“School and college textbooks should have exclusive chapters on the history, culture, ethnicity, traditions, cuisine and attire of the people of the different states of Northeast India and on the region’s geography. Learning all that should be made compulsory and school and undergraduate levels across the country,” said Manjula Barua, a writer and professor of history in Guwahati.
The bias, mistreatment and slurs faced by students and others from the region who go to study and work in other parts of the country, especially North India, is no secret.
There have been many hate crimes against Northeasterners who face a lot of mockeries and stereotyping in schools, colleges, universities, workplaces and public spaces in the rest of the country.
Derogatory slurs like ‘chinky’, ‘momo’, ‘meow’ and many others are routinely hurled at people from the region even by incentive friends, classmates and colleagues in jest. The offenders are often unaware of the ‘cringe effect’ of such slurs.
“Apart from junking the present history and social sciences textbook and introducing new ones which contain chapters on the Northeast and its people, we should also immediately introduce capsule courses to sensitise our school and college-going children about people belonging to different cultures, regions, countries, traditions etc. This sensitisation is very important and crucial for us as a nation,” said Margaret Swer, a Khasi who has studied and lived in New Delhi and now teaches political science at the North Eastern Hill University (NEHU).
Educationists also advocate exchange programmes at the school, college and university levels to make students from the rest of the country aware of the Northeast.
“The biases and negative attitudes towards the Northeast and its people are born out of sheer ignorance. And this can be addressed by positive exposure to the region,” said Numal Gogoi, a professor of geography at Assam’s Dibrugarh University.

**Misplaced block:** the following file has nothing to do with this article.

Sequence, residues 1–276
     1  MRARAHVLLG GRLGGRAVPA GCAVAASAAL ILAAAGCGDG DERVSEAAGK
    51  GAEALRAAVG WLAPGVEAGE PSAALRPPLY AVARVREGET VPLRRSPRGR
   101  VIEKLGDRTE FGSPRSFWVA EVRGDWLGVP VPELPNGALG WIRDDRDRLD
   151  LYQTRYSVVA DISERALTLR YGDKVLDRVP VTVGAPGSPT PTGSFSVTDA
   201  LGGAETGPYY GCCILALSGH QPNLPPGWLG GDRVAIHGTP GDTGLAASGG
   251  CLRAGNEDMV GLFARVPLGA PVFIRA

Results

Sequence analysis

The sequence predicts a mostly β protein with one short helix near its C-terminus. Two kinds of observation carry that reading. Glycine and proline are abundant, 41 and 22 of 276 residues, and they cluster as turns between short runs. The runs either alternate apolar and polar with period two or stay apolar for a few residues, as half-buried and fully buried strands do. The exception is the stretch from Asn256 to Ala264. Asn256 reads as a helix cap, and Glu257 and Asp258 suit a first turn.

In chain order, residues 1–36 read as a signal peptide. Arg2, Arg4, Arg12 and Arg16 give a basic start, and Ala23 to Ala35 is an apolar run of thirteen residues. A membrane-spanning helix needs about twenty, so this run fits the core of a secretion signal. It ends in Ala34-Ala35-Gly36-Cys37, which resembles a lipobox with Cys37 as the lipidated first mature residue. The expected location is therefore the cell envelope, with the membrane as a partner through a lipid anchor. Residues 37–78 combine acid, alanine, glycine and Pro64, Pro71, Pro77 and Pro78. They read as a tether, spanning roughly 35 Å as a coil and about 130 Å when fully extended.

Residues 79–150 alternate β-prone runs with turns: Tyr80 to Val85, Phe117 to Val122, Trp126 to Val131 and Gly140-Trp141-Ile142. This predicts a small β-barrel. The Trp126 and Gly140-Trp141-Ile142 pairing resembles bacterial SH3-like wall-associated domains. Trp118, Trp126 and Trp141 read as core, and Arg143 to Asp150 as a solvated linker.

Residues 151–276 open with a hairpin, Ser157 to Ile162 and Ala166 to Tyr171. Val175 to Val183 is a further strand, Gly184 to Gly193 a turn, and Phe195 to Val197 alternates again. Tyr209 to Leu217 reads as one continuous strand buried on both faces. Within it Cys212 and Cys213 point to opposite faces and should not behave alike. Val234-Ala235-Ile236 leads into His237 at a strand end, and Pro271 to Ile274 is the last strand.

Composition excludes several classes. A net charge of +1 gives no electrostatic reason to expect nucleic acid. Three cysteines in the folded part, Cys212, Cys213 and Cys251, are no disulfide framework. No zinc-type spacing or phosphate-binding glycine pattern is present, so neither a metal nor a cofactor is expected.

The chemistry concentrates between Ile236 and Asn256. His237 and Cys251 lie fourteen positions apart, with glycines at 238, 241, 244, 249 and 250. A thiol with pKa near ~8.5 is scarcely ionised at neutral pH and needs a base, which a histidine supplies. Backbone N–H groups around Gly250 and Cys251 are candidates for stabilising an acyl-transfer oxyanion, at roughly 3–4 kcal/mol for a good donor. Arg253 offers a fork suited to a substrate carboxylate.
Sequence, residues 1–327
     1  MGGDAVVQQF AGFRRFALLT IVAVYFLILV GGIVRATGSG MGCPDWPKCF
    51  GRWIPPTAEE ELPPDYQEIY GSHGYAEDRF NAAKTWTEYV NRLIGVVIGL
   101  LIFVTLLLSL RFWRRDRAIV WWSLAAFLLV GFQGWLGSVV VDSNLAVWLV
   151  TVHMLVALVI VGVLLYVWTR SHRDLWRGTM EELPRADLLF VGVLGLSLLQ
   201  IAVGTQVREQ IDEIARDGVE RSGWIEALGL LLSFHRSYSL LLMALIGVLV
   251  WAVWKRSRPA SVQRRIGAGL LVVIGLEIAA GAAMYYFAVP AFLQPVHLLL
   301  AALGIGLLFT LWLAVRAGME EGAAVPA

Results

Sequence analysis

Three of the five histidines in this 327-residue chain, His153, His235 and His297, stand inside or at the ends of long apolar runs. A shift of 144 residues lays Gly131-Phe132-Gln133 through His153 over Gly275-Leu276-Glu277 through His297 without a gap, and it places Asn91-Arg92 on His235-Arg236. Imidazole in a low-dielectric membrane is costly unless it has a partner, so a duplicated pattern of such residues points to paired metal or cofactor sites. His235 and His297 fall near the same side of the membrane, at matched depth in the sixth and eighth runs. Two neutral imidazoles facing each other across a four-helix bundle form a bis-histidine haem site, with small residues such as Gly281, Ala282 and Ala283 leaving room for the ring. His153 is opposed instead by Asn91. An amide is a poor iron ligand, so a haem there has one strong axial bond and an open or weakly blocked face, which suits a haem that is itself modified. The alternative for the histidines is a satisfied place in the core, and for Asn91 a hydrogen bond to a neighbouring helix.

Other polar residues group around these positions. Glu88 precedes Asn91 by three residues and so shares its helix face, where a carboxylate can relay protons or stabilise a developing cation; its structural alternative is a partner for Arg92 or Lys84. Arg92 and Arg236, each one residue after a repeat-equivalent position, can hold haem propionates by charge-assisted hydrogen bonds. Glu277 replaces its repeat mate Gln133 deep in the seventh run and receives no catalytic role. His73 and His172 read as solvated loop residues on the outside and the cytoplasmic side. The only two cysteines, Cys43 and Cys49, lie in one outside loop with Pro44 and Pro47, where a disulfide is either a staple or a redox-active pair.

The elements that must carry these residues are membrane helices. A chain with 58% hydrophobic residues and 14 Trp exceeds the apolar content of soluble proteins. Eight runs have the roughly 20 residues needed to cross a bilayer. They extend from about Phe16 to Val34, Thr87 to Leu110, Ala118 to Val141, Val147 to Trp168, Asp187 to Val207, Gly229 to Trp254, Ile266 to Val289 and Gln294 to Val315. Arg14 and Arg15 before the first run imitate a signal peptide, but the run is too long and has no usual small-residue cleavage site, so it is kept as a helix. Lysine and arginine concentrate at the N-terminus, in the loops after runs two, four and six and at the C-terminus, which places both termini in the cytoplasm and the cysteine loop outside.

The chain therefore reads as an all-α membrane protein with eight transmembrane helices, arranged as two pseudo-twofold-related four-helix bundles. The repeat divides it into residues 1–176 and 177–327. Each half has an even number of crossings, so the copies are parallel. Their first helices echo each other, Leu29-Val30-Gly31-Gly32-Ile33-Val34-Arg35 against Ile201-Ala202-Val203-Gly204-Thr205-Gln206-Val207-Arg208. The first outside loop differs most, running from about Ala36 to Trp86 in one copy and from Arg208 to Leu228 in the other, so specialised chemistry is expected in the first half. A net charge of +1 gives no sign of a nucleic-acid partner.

What is also important here is to mete out exemplary punishment to insensitive and abusive people like Paras Singh.
“Punishment for intolerance and racial slurs, stereotyping and mockery should be prompt and strong. That will serve as a powerful deterrence,” said Takom Jamoh, a police officer of Arunachal Pradesh who had studied in Delhi and faced discrimination, slurs and prejudices.
Ninong Ering agrees with all this. “There have been many recommendations to successive governments at the Centre to include content about the Northeast in school and college textbooks. But little has been done till now,” he told Swarajya.
The popular legislator from Arunachal Pradesh said that what is most important is exposure (of people from the rest of the country, especially North India) to the (Northeastern) region and its people.
“But the matter of lack of sensitivity remains. How can one teach people to be sensitive about others?” he asked.
The answer, he says, may lie in inculcating a deep sense of patriotism among all Indians. “If people from all parts of the country accept each other as Indians first and if we stand united as a nation, such divisive feelings will disappear,” he said.
Jaideep Mazumdar is an associate editor at Swarajya.